Even though the economy has quieted down quite a bit since the economic meltdown of 2007-2008, companies still use layoffs as a way of culling the ranks to stay tight and profitable.
Companies work hard to stay financially fit. Part of corporate America’s belt tightening strategy, and one of the more effective ways to stay lean, has been to use a “reduction in force” for a solid increase to the bottom line and show shareholders a healthy outlook for the future. So if you should find yourself on the short list one day here are some things to keep in mind.
First and foremost-it’s not the end of the world. You will find another path. I was laid off three times during my corporate career of 20+ years only to find more fulfilling and more profitable ways to earn a living every single time.
Severance is negotiable and is driven by your relationship with your employer and your place in the company hierarchy. You will have a competitive edge in the negotiation process if you were well liked, well known and had built up good will within the company.
These are just a few of the negotiable items:
Medical insurance usually ends the last day of the month in which the termination takes place. Ask for an extension. COBRA (federally mandated) will kick in when regular health care benefits end but it can be pricey. The longer you can extend your company subsidized benefits the longer you will postpone paying the more expensive COBRA premiums.
Ask for a greater amount of severance than what you are initially offered unless the initial offer is adequate and perhaps even generous. Talk this over with an employment lawyer and/or a certified career coach who has been trained to help you navigate this process.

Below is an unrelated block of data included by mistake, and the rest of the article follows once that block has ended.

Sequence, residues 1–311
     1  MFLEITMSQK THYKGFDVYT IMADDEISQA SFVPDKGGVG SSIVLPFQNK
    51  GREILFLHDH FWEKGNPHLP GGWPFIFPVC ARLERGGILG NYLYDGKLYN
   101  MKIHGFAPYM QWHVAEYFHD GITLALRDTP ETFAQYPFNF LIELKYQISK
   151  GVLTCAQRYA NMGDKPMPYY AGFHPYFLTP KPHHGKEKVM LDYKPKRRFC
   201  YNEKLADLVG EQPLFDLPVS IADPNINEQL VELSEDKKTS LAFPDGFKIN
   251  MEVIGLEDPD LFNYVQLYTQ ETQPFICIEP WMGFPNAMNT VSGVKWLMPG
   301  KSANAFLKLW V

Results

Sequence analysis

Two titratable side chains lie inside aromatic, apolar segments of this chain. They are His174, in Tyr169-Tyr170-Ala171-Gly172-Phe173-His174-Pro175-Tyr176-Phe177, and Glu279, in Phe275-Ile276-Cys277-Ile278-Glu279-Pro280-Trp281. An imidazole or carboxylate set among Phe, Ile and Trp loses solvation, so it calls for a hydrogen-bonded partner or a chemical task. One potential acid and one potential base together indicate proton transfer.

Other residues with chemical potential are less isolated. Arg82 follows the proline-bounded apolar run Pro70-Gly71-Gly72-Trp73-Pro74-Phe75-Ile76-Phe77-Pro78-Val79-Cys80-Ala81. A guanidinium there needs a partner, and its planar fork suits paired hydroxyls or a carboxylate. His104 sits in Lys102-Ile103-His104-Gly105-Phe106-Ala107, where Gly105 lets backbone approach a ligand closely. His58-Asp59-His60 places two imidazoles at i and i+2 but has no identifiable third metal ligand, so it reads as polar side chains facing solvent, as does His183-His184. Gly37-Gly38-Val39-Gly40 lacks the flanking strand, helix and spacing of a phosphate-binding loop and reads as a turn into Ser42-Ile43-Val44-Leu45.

Two weeks’ severance for every year of service used to be the norm but is not necessarily the practice anymore. Companies are not obligated to offer severance. If you’re over 40, you’re in a protected class and severance may be offered in exchange for your signature releasing the employer from any legal obligations as a result of your employment. Take the full amount of time you are offered to sign this agreement and be sure you understand everything contained in the release.
Offer to consult for the employer while you search. While no longer an employee of the firm, you can include the cost of your medical insurance into your consulting fee. This is a viable option for employees leaving on good terms. And it can be an attractive option for the employer who can continue to benefit from your expertise for a fixed amount of time at a rate you both have agreed upon.
Make sure you are paid out for unused vacation. And be sure to ask for Outplacement Transition Services which can include job search coaching, an updated professionally written resume, LinkedIn profile, interview preparation, and a new “Two-Minute Pitch” to market yourself to recruiters and potential employers. Some employers will be open to this option depending on the level of responsibility you held.
An added benefit of outplacement is that you get to work with professionally trained coaches. The global HR transition company I worked for would only hire coaches who themselves had been laid off, understood what that feels like and had learned how to move on from job loss.
“Let us never negotiate out of fear. But let us never fear to negotiate.” John F. Kennedy
Inaugural Address, January 20 1961